Zach Bader: Can you tell us what lessons you learned from the recovery that you're still going through right now that you'd offer to farmers and others who are dealing with adversity of their own? Right now, even if that's not the same kind of adversity that you've dealt with. .

Chris Norton: Something that was really important to me in the beginning when I was kind of struggling for that identity aspect of like, okay, I'm a, I'm an athlete, I'm a football player. Like how can I survive in this new kind of world of mine, but I really had to kind of reflect back on like, what are the important aspects that I took pride in, of being a football player? And it was my effort. It was my attitude. And those are the things that I had to like extract, like at the core of being a football player was really this never give up attitude. I'm going to work hard and have the right attitude. So, I feel like when you're going through adversity, you may be like you're going through maybe an identity crisis. And just trying to remember who you are at your core. And also who's special, remember that when you're going through adversity and going through that time, I was so worried about the future, like what is going to happen. .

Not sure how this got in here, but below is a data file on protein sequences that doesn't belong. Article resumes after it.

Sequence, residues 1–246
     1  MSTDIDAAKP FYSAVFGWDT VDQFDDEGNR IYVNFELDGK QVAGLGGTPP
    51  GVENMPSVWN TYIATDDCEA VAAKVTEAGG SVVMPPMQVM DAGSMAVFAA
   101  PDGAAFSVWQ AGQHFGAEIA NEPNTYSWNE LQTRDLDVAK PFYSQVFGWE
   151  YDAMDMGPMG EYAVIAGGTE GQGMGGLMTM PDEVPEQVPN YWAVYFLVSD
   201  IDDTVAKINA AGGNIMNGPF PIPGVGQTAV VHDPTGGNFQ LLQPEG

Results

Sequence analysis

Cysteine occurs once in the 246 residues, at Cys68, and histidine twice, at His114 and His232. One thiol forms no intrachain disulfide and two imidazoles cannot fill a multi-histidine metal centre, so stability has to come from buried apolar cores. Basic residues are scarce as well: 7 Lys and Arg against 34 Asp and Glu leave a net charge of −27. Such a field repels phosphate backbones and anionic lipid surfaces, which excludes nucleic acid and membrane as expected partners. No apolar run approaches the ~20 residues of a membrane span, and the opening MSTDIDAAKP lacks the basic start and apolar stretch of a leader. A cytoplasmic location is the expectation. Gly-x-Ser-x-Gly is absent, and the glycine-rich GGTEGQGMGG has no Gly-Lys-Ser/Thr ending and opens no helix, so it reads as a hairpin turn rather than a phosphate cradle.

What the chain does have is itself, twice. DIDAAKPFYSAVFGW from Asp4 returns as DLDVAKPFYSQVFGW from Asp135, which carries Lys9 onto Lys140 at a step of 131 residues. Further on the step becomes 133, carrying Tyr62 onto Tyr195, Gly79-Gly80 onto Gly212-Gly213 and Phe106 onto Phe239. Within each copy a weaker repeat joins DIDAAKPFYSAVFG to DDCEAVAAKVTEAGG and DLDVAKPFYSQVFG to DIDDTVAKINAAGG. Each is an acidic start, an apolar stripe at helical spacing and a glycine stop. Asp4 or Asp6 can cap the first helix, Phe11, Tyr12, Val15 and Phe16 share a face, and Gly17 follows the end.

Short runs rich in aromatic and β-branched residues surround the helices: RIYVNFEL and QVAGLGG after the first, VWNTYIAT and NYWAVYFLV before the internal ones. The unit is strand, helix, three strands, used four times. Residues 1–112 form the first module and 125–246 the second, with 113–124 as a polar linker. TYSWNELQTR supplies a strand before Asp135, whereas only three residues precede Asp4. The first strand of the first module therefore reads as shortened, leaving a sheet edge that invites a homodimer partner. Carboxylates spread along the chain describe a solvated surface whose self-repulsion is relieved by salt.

Chris Norton: And typically that would just kind of bog me down. I was just thinking about all the, what ifs. And as I think about the, what if's my anxiety went up, but what helped me kind of channel my anxiety, my fear, I just channeled it towards working. Like what can I do in this one workout to just get a little bit better, take a small step forward. Because again, like we touched on in our last interview, you have to kind of push away the uncontrollable. Like there was so many things and factors that were out of my control and I just had to like fight for every piece that I could control. And I'm going to make sure I'm going to do my part and just kind of hope and pray for the rest to fall the place. And that's another thing too. Sometimes when life feels like it's falling apart, it could be just falling into place. But you just have to put your best foot forward each and every day, which is not an easy task. .